Rapanui: Gazing at the Navel of the World on Easter Island

by Fiona Gosse

Easter Island

The island appears suddenly, a fortress of lava black cliffs above a cobalt sea. An endless succession of long Pacific swells crash in crisp white spray at the base. The coastline is forbidding, for there are no safe anchorages and early navigators (Dutch Admiral Roggeveen in 1722, Gonzales de Haedo in 1770, Cook in 1774 and La Pérouse in 1886) found it extremely challenging to make landfall. Today Rapa Nui is administered by Chile. Approached by air, Rapa Nui resembles the lowlands of Scotland or the NSW Monaro, with gold green rolling hills pimpled by small extinct volcano cones. Copses of trees break up the landscape, and many of these turn out later to be eucalyptus plantations.

Rapa Nui is situated midway between the Chilean coast to the east and from Tahiti to the west, 4,000 kms from each at latitude 27 degrees south and longitude 109 degrees west. It’s 24 kms long at its longest point and 18 kms at its widest point. Rapa Nui possesses two sand beaches, Anakena and Ovahe. The former is credited as being the landing place of the legendary Chief Hotu-Matua, probably around the 12th century, corresponding with the period of important Polynesian migrations in  fleets of big, double hulled canoes. It is thought that Hotu-Matua came from the Marquesas.

Thor Heyerdahl, who travelled to the island on the Kontiki in 1956 reported at the time of his visit that most islanders were living in caves. These were formed by water running through lava tubes, often resulting in huge, cool and roomy dwelling areas. Many “windows” open out onto the sea below, enabling the dwellers to fish virtually from their doorsteps. Many caverns are entered some distance away from the cliffs. Where the roof has fallen in, there are many sunken gardens, where people have planted an avocado, a couple of mangoes, taro and tobacco. They are fond of fishing camps and often take off into the campo for days. Interestingly, they avoid the sandy beaches, leaving them to the mainlanders and tourists, preferring to swim off the rocks. There is a shortage of standing fresh water on the island. Rain showers are short, sharp and furious and as the landscape is very permeable, water soaks straight through into the subsoil, often reappearing as freshwater upwellings in the tidal shallows, hence the peculiar sight of horses and cattle seeming to drink seawater.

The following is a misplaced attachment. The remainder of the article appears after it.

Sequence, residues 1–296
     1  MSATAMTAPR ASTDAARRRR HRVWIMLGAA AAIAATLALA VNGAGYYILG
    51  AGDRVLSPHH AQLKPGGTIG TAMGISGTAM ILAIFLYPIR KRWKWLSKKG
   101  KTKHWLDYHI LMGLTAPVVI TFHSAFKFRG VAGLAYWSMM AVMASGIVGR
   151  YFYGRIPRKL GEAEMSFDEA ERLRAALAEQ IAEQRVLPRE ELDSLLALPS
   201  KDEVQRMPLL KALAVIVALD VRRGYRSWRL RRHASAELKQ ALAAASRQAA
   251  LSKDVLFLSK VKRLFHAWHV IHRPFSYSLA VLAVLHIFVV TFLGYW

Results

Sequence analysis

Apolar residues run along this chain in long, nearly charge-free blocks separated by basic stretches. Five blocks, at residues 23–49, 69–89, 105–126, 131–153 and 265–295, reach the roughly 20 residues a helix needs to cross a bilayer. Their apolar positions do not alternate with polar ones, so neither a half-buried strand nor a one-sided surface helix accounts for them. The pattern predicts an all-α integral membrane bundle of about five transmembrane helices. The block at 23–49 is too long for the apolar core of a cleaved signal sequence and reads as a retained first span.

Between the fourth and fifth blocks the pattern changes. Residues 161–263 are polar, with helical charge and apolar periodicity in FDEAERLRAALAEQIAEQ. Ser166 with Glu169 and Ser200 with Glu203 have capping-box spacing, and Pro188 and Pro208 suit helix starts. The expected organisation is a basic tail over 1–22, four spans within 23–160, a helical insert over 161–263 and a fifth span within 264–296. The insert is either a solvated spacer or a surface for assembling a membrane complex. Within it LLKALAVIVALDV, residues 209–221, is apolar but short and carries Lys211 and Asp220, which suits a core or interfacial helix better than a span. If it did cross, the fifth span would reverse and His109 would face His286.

The Moais – those famous statues

We were fortunately able to secure a wonderful guide, between cruise liners, to show us around the main sites on the island.

The phenomenon of the moais has occupied much conjecture. Early ahus (stone platforms similar to the Polynesian marae) which carried shorter,  round-headed statues, are carbon dated to 250 ± 800 AD. In a later period, around 1100 to 1680, the giant statues were erected. It is believed that they represent ancestors and that they possess supernatural power.

At some point around 1680, evidence suggests that internecine strife broke out between two clans, the Long Ears and the Short Ears (so called because of the representative carvings on the Moai statues themselves)  perhaps due to the devastation of the island’s resources due to overpopulation. The moais belonging to the vanquished were deliberately thrown down and desecrated. However this act of desecration was followed by another even more terrible in 1862 when all the oral and genealogical history and traditional lore, carried by the priestly class of Ariki was lost.

Peruvian slavers in that year captured and took away more than half the population, at that time numbering about 3,000,  to work in the guano mines on the mainland. Among the slaves were the King and most of the Ariki who are credited with having the mana to move the statues from one part of the island to the other. Following protests by the Bishop of Tahiti and the French consul general in Lima, the surviving few were repatriated. Tragically however they brought smallpox with them and the resulting epidemic decimated the remaining islanders. At the time of Heyerdahl’s visit on the Kontiki in 1956, only a few hundred families remained. The population now is 3,500 of which 1,800 are of school age.

All of this detail we learned from our guide as we toured most of the Moai sites on the eastern side of the island. There are about 300 ahu on the island, and around a thousand giant statues, according to Father Sébastien Englert, who made an inventory during his ministry between 1935 and 1969.

For numerous reasons I didn’t dowse any of the moai on site, but did attempt when possible to experience their energy field. The main statue quarry site of Rano Raraku is situated on the side of a volcanic crater consisting of grey basalt parent rock from which the statues were carved.  Many moai never made it to their ahus and lie haphazardly, half-buried, in the ground. One of these figures does indeed closely resemble one of our elder statesmen!

The moai were carved with stone tools, apparently by a special carver class of artisans. Recent attempts to recreate the carving of a moai in two days failed dismally, the carvers being unable to maintain the stance, hands over head, for sufficient time. Indeed they made only tiny indentations with the original obsidian tools. This suggests that the carver class may also have had mana. It is thought that they were second to the Ariki or priestly class, who did possess mana.